I used to contribute a fair bit to Wikipedia.

At some point, however, I became pretty discouraged by how often anonymous or inexperienced editors would alter something I had written in such a way as to make it objectively, factually incorrect. Often such errors are not obvious to the “casual” Wikipedian or those who police it for vandalism, so it falls to the area experts to deal with them. Unfortunately I do not have time for this. I don't mind people editing my writing, as long as they don't introduce inaccuracies.

Faced with the fact that I can't keep up with this article-damage, it's no longer really worthwhile for me to contribute content to Wikipedia. Why expend the effort needed to write something when it has a high probability of being ruined within two or three years?

After a lot of thought on this matter, I think that Wikipedia's greatest contribution to human knowledge in the long run is going to be as a “recommended reading list” on various topics. I encourage people to think of Wikipedia more as an evolution of the manually edited directories like the original Yahoo website or the more recent DMOZ Open Directory. However, I don't have much hope for the actual article content, except for material that falls into the realm of “general knowledge” – topics on which any high-school graduate could easily distinguish fact from error.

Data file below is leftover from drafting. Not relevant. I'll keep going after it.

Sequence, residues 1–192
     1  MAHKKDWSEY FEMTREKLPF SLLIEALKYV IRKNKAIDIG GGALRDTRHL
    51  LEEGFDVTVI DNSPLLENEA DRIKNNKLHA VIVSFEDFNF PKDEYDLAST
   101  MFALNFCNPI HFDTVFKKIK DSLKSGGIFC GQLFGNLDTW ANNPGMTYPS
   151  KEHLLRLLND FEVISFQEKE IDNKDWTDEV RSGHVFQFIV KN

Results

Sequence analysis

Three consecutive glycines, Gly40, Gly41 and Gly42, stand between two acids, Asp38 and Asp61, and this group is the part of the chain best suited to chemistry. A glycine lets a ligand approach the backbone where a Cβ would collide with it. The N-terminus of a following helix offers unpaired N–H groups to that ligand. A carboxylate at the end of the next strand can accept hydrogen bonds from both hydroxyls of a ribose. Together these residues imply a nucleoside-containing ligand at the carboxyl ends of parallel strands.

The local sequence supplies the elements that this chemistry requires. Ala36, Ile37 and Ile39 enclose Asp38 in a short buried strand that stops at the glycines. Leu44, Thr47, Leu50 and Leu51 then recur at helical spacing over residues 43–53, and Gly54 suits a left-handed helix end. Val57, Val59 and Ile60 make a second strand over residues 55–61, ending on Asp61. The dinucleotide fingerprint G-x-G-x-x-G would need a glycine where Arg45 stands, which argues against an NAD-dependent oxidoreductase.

Therefore, I currently limit my participation in Wikipedia to adding links to external material. I encourage area experts to contribute external links to Wikipedia wherever possible. When relevant, external links seem to have a significant “half-life” even in the face of misguided editors. External link management is one area where the “Wikipedia social process” seems to work quite well.